Editorial


The administration of the scheme is proposed to be entrusted to a Corporation constipated by central legislation. The Corporations functions will be performed by a Central Board constituted of representatives of Central and Provincial Governments, and of employers, workers and the medical profession. The Board will include certain members elected by the Central Legislative Assembly.


On the 6th. November 1946, in the Central Legislative Assembly, was introduced a Bill to provide for compulsory State Insurance for certain benefits in the events of sickness, maternity, unemployment and injury to workmen employed in or in connection with factories.

The administration of the scheme is proposed to be entrusted to a Corporation constipated by central legislation. The Corporations functions will be performed by a Central Board constituted of representatives of Central and Provincial Governments, and of employers, workers and the medical profession. The Board will include certain members elected by the Central Legislative Assembly. A standing Committee of the Board will act as the executive of the Board and the Medical-Benefit Council will be set up to advise on matters relating to the administration of medicinal benefit.

The insurance fund will be mainly derived from contributions from employers and workmen. The contributions payable in respect of each workman will be based on his average wages and will be payable in the first instance by the employer. The employer will be entitled to recover the workmens share from the wages of the workmen concerned.

Workmen whose earnings do not exceed ten annas a day will be totally exempted from payment of any share of the contribution. The entire contribution on account of such workmen being met by employer.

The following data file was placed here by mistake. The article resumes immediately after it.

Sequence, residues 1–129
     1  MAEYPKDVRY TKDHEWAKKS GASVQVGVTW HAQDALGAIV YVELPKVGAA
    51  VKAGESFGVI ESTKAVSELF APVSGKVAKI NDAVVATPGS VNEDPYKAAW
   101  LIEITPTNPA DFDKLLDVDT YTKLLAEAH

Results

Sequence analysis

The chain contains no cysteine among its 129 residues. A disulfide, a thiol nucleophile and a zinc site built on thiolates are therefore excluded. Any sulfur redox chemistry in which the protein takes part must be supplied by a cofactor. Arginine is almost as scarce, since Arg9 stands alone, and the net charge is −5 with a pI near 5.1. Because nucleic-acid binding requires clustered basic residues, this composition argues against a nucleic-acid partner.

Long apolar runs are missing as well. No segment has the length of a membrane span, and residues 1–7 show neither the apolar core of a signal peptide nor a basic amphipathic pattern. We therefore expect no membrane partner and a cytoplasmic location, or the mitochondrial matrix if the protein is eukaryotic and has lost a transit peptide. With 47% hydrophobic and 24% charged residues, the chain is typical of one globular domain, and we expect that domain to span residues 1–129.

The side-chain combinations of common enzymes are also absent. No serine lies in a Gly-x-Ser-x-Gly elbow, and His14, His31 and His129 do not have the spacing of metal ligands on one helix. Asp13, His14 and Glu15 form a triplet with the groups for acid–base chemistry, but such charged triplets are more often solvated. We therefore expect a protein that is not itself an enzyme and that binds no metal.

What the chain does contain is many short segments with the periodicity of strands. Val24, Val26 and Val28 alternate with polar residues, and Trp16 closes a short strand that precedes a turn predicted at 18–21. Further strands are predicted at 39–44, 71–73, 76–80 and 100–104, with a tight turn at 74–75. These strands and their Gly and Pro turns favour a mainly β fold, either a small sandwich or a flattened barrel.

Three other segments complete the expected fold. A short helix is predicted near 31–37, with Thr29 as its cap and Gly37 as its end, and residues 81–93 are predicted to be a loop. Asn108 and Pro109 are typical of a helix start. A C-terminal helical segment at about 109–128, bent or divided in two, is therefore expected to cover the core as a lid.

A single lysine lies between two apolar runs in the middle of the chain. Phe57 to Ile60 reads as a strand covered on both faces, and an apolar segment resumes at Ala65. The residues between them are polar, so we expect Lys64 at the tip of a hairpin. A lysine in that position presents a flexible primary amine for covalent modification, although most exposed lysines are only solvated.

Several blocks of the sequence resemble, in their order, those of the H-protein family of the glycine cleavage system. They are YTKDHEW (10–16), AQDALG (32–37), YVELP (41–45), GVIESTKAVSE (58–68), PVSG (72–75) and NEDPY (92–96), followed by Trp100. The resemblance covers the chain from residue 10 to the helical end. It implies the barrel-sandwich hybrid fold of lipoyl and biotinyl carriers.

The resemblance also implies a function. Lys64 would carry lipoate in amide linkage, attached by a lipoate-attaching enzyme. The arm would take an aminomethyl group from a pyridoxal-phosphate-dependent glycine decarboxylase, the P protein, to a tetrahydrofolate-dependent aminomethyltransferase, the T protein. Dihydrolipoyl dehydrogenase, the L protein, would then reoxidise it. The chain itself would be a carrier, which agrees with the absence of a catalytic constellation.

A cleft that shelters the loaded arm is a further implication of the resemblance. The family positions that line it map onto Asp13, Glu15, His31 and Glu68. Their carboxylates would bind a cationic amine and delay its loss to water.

Is this Bill to be taken as a propitious fortuity to be pursued energetically by the General Council of the State Faculty of Homoeopathic Medicine in the interest of its registered practitioners? One point of approach to the objective is the right the Homoeopathic medical practitioners have acquired on being registered with the State Faculty of Homoeopathic Medicine, Bengal, which fact is tantamount to recognition by the State that they are doctors qualified to practice some curative system of medicine-a system of therapeutics that has been greeted by the intelligentia and the man in the street in all parts of the globe.

Another point of approach is the economic view of the scheme. This point appeals to all workmen and particularly to employers in relation to workmen who are exempted from payment of any share of contribution to the medical benefit fund. It needs gigantic efforts on the part of the General Council to boost its listed doctors on to the panel of selected medical men for employment in the State Insurance Scheme.

There is, however, a sky-high hurdle for the General Council to negotiate. The registered homoeopathic doctors have no licence to practice under the Provincial Medical Act, or The Indian Medical Practitioners Act, hence they have no locus standing in the medical community recognized by the State. This ostracized situation makes the registration with the State Faculty of Homoeopathic Medicine very much secular and insipid. Let us hope the General Council will at once take up the cause and make war to the uttermost until the registered homoeopathic medical practitioners are granted State licence recognized by all the State departments.

N C Bose